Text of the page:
There are a number of ways to pass an Open Guard. However, when the absolute basics of guard passing are considered, it’s all very simple; it’s just a matter of understanding the underlying Up-Down-Left-Right pattern of movement.
Once you understand this, you could be successful in passing the guard without using any actual technique!
Keenan Cornelius explains this powerful principle in terrific detail.
SIX DIRECTIONS OF GUARD PASSING
Keenan explains that there are 6 directions that you can move in when trying to pass someone’s Open Guard. You can move back, forward (like in a Knee Cut pass), to the left or to the right (such as with an X Pass), down (as in pressure passing) or up (the Throwby Pass).
However, Keenan points out that one of the mistakes that jiujiteiros make is that they move only in one or two directions. For example, they’ll utilize the Knee Slice and – once they meet resistance – they’ll just keep trying to brute force their pass. This might work; but it isn’t as pragmatic as flowing from one direction to another.
And that right there is Keenan’s basic point: in order to be a successful guard passer, you have to change directions! Why? Because if you attack your opponent on one side, they’ll defend it – which means that their other side will be more vulnerable!
LEARN TO COMBINE THEM!
So, when you Knee Pass and your opponent defends, why force your way through? All of their focus, all of their frames to keep you away are aimed in one direction… So why not pass to the other one, where they’re considerably weaker? Where they’ll have to recompose themselves and retain their guard?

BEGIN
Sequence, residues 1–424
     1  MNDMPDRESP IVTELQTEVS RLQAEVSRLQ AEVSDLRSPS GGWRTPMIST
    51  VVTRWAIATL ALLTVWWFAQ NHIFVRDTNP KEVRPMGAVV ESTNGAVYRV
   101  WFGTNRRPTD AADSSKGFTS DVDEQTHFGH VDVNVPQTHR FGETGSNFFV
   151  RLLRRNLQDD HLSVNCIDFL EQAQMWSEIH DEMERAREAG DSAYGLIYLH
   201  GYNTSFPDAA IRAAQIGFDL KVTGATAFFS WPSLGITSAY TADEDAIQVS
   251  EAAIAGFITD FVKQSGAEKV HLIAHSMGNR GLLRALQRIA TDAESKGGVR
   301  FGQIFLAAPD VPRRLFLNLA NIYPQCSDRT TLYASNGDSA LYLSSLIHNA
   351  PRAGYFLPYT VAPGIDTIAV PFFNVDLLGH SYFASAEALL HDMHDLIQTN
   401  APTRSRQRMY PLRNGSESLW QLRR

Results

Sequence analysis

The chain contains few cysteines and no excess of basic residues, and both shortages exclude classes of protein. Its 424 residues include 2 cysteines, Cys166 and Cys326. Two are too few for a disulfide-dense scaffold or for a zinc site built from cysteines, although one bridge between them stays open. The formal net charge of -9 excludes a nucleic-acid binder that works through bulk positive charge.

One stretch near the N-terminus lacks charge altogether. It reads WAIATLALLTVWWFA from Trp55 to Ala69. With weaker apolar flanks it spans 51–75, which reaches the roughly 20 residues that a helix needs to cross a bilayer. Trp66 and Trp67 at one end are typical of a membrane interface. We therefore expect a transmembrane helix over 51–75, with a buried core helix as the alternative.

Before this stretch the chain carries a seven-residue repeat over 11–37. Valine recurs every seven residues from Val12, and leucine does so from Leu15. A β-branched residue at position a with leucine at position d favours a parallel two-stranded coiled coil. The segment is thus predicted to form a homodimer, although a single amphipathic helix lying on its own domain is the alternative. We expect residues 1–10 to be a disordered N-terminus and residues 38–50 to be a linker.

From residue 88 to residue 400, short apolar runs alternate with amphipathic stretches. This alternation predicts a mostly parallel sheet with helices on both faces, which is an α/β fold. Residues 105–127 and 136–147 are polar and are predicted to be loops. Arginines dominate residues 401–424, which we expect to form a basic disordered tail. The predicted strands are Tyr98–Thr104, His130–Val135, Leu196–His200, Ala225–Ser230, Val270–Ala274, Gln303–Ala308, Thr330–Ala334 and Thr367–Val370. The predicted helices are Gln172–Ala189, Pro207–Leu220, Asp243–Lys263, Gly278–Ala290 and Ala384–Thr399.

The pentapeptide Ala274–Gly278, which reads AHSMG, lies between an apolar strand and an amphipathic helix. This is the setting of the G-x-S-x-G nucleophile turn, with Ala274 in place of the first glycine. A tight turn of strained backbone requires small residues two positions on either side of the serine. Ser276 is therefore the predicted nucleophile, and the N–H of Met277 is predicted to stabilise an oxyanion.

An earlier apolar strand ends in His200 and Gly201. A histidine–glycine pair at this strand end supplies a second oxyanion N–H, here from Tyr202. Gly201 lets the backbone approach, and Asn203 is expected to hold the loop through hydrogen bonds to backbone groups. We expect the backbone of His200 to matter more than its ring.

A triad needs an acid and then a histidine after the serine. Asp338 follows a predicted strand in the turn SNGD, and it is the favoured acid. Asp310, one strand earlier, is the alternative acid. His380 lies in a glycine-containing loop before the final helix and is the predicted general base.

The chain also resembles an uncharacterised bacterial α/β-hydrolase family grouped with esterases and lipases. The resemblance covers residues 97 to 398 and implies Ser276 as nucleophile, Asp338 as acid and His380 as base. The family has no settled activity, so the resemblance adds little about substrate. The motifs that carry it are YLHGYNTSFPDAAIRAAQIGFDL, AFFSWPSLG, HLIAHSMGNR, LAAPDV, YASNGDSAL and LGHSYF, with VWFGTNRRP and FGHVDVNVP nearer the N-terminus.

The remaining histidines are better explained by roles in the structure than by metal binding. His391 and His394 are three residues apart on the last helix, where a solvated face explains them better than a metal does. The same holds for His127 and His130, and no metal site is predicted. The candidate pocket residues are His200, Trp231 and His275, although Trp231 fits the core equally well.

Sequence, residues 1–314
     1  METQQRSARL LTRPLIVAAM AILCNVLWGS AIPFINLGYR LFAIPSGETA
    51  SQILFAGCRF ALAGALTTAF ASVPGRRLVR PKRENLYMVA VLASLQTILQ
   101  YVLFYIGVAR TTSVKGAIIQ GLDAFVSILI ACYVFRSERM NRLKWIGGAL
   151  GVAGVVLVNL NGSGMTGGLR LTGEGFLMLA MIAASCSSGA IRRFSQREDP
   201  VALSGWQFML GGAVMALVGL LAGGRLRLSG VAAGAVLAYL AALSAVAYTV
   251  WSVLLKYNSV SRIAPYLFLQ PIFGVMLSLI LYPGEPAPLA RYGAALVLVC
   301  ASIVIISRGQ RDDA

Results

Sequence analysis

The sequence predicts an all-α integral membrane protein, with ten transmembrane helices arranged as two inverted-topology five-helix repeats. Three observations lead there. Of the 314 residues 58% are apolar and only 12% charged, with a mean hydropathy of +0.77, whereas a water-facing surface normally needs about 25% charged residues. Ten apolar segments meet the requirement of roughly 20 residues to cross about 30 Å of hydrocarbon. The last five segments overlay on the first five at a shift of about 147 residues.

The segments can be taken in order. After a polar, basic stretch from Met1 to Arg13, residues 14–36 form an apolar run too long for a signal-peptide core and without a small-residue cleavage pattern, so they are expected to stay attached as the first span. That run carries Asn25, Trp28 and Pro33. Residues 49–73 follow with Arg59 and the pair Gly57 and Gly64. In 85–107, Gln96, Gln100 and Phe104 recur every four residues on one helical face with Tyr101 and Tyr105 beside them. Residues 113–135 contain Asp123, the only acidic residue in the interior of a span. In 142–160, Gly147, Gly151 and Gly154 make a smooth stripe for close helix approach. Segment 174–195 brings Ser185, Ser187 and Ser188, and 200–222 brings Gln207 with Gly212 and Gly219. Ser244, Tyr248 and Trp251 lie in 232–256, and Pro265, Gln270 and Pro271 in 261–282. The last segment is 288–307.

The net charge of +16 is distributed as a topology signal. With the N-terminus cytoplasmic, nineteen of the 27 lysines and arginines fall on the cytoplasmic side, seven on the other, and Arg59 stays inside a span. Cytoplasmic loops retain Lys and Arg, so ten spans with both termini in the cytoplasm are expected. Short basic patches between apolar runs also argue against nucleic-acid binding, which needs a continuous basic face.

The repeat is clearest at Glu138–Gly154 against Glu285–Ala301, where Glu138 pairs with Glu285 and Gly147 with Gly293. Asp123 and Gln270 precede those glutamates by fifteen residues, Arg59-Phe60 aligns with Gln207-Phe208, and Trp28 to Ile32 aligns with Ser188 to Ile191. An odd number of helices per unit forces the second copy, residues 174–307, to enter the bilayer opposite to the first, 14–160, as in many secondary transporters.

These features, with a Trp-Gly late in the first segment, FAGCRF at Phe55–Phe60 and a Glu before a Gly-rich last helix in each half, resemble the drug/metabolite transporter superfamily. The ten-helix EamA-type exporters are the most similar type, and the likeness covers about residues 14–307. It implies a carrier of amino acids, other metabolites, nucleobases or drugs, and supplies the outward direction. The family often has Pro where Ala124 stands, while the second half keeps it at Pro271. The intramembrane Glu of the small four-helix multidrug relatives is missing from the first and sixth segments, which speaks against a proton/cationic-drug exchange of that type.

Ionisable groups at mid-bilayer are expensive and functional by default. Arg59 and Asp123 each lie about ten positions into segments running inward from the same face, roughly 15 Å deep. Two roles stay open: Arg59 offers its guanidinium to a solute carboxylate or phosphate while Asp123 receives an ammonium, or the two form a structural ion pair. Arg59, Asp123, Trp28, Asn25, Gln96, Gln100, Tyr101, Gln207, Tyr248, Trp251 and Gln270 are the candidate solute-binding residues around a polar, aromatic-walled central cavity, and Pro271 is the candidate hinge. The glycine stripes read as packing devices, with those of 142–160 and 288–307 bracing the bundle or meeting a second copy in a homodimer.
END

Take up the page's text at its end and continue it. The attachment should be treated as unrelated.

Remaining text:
Why not force them to do this yet again, again and again; changing directions from left to right to up and down, forward and back, and mixing it all together however you see fit… Draining the opponent’s energy and opening them up by switching directions until you’ve outdone them and passed their guard?
The ability of tying in passes, one after another, is a fantastic one. It’s something that the world’s best passers are very efficient in, Keenan explains, such as Rodolfo Vieira. However, there’s an additional aspect to guard passing that you have to understand if you want to truly become better in it.
SEPARATE YOUR OPPONENT’S KNEES FROM HIS HIPS
And that is? Keenan explains: it’s the line your opponent’s knees and hips make with one another. You can visualize it as a vertical line that positions the knees and the hips onto the same level. A lot to do with passing in BJJ has to do with manipulating this line.
The most dominant and the most often seen way of doing so is by separating your opponent’s knees from their hips. Don’t let them be in the same line! Keenan demonstrates that this is one of the most frequently utilized methods for guard passing, anywhere from the lower to the highest top-tier levels of BJJ.
A simple way of doing this is by creating space between your opponent’s knees and their belt. Be it by doing a Longstep Pass where you’re artificially creating that space and then reinforcing it by pushing their knees away; or by utilizing the Toreando Pass to pull your opponent’s knees away from the chest, or… This principle is used in the majority of passes.
And you know what? Keenan says that you can pass someone’s guard knowing no real technique, as long as you use these knee-separation and direction-switching principles in unison.
He demonstrates this and many other details on the video below:
The Greatest Passer In BJJ History Reveals His Complete System For Destroying The Best Guards In The World And Why He Hasn’t Lost A Match At Worlds in 6 Years!